Johannes Cocceius (1603-1669) was a well known Reformed exegete. He had considerable linguistic skills (Latin, Greek, Hebrew, Syriac, even Arabic) and he knew rabbinic literature as well. He became a professor from 1643-69 (in later years at Leiden). Childs summarizes Cocceius’ approach by saying he focused on a careful interpretation of the meaning of words within their literary context, not happy with those who contrasted the spiritual with the literal sense. It is his Christological focus in every aspect of interpretation that is his hallmark. The Gospel must be the starting point for the interpretation of Moses and the prophets. One doesn’t start with the OT and move to the NT (contrast Calvin), one does the reverse. He was attacked by both the old Reformed crowd and the humanists for this approach. Childs reports the Latin aphorism about him—Grotius found Christ nowhere in the OT, Cocceius everywhere. As Childs points out, Cocceius is not an early advocate of Heilsgeschichte, though some later credited him with that. He never speaks of an historical development in stages that climaxes in Christ. The incarnation of God in Christ is the one event that establishes the covenant of grace and it is not the final stage of a historical development.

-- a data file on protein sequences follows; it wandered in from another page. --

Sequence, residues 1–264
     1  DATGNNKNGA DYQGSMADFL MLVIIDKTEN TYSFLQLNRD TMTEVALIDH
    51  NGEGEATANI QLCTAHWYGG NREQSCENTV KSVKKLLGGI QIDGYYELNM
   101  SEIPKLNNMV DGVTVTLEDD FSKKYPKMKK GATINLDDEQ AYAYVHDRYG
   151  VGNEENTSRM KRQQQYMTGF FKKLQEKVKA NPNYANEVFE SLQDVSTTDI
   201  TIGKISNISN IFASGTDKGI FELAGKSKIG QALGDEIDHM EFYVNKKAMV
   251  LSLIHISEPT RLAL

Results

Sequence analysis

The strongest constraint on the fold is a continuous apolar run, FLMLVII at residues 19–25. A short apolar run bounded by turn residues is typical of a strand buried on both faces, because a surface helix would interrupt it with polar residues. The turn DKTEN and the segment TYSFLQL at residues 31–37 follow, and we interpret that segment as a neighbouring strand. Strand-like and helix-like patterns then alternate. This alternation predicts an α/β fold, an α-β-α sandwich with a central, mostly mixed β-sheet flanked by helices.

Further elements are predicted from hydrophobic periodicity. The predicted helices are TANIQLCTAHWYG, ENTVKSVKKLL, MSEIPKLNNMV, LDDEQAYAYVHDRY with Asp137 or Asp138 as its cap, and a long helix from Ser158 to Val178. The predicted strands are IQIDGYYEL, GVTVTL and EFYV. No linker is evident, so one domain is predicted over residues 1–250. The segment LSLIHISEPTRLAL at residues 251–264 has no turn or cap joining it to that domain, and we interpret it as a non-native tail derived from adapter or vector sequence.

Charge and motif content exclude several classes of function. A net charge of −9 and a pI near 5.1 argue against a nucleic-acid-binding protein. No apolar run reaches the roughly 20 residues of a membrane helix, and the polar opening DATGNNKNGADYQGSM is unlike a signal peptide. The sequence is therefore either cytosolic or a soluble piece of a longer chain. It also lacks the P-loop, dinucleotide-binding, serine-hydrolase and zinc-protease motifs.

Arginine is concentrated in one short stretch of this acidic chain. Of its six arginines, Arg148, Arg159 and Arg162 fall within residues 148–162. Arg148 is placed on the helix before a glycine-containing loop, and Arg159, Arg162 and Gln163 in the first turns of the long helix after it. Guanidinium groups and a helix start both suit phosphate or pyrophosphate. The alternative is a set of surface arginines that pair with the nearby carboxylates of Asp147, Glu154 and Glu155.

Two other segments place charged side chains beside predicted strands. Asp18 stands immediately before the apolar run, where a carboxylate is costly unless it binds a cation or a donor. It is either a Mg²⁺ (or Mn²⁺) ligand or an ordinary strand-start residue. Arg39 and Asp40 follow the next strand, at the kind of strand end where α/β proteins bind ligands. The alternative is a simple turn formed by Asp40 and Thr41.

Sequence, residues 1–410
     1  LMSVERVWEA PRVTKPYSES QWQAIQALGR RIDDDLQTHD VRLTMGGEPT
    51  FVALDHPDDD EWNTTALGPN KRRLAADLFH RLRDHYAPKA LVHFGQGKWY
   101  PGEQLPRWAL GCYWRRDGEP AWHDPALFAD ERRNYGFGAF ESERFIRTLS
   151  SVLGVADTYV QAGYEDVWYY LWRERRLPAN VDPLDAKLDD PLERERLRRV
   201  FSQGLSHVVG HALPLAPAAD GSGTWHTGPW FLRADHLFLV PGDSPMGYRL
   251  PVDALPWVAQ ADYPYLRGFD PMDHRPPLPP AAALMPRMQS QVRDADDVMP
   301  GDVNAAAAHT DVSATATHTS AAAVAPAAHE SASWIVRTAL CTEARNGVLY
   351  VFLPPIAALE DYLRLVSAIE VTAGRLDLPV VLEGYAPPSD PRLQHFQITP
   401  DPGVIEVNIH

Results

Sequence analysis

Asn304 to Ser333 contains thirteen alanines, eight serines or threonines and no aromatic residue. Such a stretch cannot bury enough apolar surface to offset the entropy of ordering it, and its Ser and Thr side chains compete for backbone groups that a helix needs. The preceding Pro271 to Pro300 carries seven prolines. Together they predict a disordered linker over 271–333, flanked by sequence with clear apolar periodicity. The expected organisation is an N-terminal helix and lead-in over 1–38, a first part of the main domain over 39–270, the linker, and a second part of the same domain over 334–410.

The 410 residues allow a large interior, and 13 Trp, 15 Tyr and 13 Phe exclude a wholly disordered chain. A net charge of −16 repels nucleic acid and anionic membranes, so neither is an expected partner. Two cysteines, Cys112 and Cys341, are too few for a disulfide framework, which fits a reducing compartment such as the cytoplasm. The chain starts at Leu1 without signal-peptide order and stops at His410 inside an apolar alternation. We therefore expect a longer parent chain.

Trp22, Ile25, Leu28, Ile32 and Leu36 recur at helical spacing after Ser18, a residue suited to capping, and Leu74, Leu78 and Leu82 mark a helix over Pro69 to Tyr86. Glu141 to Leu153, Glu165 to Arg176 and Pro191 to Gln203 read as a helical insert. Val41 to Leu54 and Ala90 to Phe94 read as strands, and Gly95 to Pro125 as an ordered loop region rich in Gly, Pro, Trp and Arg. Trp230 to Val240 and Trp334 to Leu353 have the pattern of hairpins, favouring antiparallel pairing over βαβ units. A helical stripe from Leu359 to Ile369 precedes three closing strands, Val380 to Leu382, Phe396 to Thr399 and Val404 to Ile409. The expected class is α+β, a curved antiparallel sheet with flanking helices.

Cocceius is credited with having an apocalyptic view of history, and there are only two ages the age of sin and darkness when Satan rules, and the age of the messiah and of light.
The two ages correspond with the covenant of works and the covenant of grace. The historical pattern is based on his analysis of Daniel, Mt. 24, and Revelation, and basically it is an incursion theology. Things do not develop historically, God simply repeatedly intervenes. This is why his thought has been called apocalyptic. Lest we misunderstand, Cocceius thinks that the Christian lives in both this age and the messianic age—they overlap. The Kingdom has come in part but it has not yet been consummated. He is often criticized for trying to correlate prophecy with current events (e.g.Is. 23 refers to events concerning Charlemagne, Is. 32.7 alludes to the death of Gustavus Adolphus). It is not clear how much justice there is in such a criticism. In a sense one could accuse him of extreme preterism. For example, he sees Is. 19.1-15 as fulfilled by Constantine bringing down pagan Rome’s dominance over Christianity and it also refers to Constantine’s successors who also brought down the heretics.